If the grave was destroyed by Jordan between 1948-1967. there may not
be records.

Sanhedria was very close to the ceasefire line and use was being
discontinued since 1948. A number of small cemeteries were opened and
closed. The grave were supposed to be moved to Har Hamenuchot, but not
all were moved.

The only way to find a Jerusalem grave is to call the 10+
burial societies (chavri kadisha).

There are 3 Ashkanazi and a general Jerusalem.

If a person has family elsewhere, they may be buried at a local cemetery.
Did the person have family outside Jerusalem? Remember that in those
years the trip to Jerusalem >from Lod was over 90 minutes

I once looked for a grave in Yavneh >from 1952. There is no listing of graves
from those years, so I walked around the small old Yavneh cemetery
until I found a grave marker with the first and father's name and a date.
There was no family name.

Please contact me off-list.

Searching and photography of graves by request is a hobby.
But I cannot get to Jerusalem, and I still have to get myself to Metulla.

Dani

Dahn Cukier
BRIEFF, LISS, CUKIER, ZUCKER, SKLAVOUR


JewishGen Discussion Group #JewishGen Re: Israel cemetery search #general

Dahn Cukier
 

Hello,

At any time after 1950, the person would probably be buried in Jerusalem.
Mt of Olives, which is/was listed online. There is a group photographing
the graves. The index may be offset >from the actual photo by a few graves.
If the grave was destroyed by Jordan between 1948-1967. there may not
be records.

Sanhedria was very close to the ceasefire line and use was being
discontinued since 1948. A number of small cemeteries were opened and
closed. The grave were supposed to be moved to Har Hamenuchot, but not
all were moved.

The only way to find a Jerusalem grave is to call the 10+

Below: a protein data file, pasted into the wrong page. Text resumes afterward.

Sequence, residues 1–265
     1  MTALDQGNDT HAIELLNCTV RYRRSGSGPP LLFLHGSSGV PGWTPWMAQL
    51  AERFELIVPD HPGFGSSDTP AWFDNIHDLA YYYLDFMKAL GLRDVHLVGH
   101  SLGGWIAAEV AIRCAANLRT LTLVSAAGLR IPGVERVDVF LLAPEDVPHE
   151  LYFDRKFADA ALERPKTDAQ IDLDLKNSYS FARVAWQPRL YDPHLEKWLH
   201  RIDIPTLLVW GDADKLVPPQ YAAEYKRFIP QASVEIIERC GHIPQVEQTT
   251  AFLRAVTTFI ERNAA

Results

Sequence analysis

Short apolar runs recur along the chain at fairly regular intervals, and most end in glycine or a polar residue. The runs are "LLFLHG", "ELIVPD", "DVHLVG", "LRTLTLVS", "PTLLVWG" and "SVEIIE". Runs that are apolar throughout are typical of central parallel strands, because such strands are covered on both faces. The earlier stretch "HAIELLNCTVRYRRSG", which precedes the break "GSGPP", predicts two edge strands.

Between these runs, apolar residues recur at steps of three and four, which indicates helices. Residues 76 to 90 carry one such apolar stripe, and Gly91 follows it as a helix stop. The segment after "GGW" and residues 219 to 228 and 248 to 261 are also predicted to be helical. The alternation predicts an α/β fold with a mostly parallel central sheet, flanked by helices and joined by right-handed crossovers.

burial societies (chavri kadisha).

There are 3 Ashkanazi and a general Jerusalem.

If a person has family elsewhere, they may be buried at a local cemetery.
Did the person have family outside Jerusalem? Remember that in those
years the trip to Jerusalem >from Lod was over 90 minutes

I once looked for a grave in Yavneh >from 1952. There is no listing of graves
from those years, so I walked around the small old Yavneh cemetery
until I found a grave marker with the first and father's name and a date.
There was no family name.

Please contact me off-list.

Searching and photography of graves by request is a hobby.
But I cannot get to Jerusalem, and I still have to get myself to Metulla.

Dani

Dahn Cukier
BRIEFF, LISS, CUKIER, ZUCKER, SKLAVOUR


Re: Naming Pattern among Ashkenazic Jews #general

hfpjc
 

The tradition of parents alternating when choosing names (mother
first, father second and so on) is very popular among many Hassidic
communities. The tradition goes even further to the second generation,
i.e. when a son/daughter gets a turn to name a baby >from his/her
family, the grandparents choose the name according to the above
pattern, except if there was a recent death in the family.

Rifky Gelbman


JewishGen Discussion Group #JewishGen RE: Naming Pattern among Ashkenazic Jews #general

hfpjc
 

The tradition of parents alternating when choosing names (mother
first, father second and so on) is very popular among many Hassidic
communities. The tradition goes even further to the second generation,
i.e. when a son/daughter gets a turn to name a baby >from his/her
family, the grandparents choose the name according to the above
pattern, except if there was a recent death in the family.

Rifky Gelbman


Re: Naming pattern among Ashkenazic Jews #general

Adam Cherson
 

Dear Herbert,

Thanks for this summary.

I wonder what is the convention for a son's name if the father's father
is still alive, or mother's mother is still alive in the case of a
daughter?

Would it be the father's paternal grandfather's name for the son or the
mother's maternal grandmother's for the daughter?

Thanks,
Adam Cherson
NY, NY

---
From: Herbert Lazerow <lazer@sandiego.edu>
Date: Tue, 4 Dec 2018 11:34:34 -0800

The naming pattern for eastern European Ashkenazi Jews was:
1. A child is named for a deceased ancestor or a deceased highly
respected person, but never for a living person. Subject to that rule:
2. The first son is named for its father's father; the second son
for its mother's father.
3. The first daughter is named for its mother's mother; the second
daughter for its father's mother.
4. If someone cannot have a namesake in the normal order of rules
2 or 3 because they are still alive at the appropriate time, the next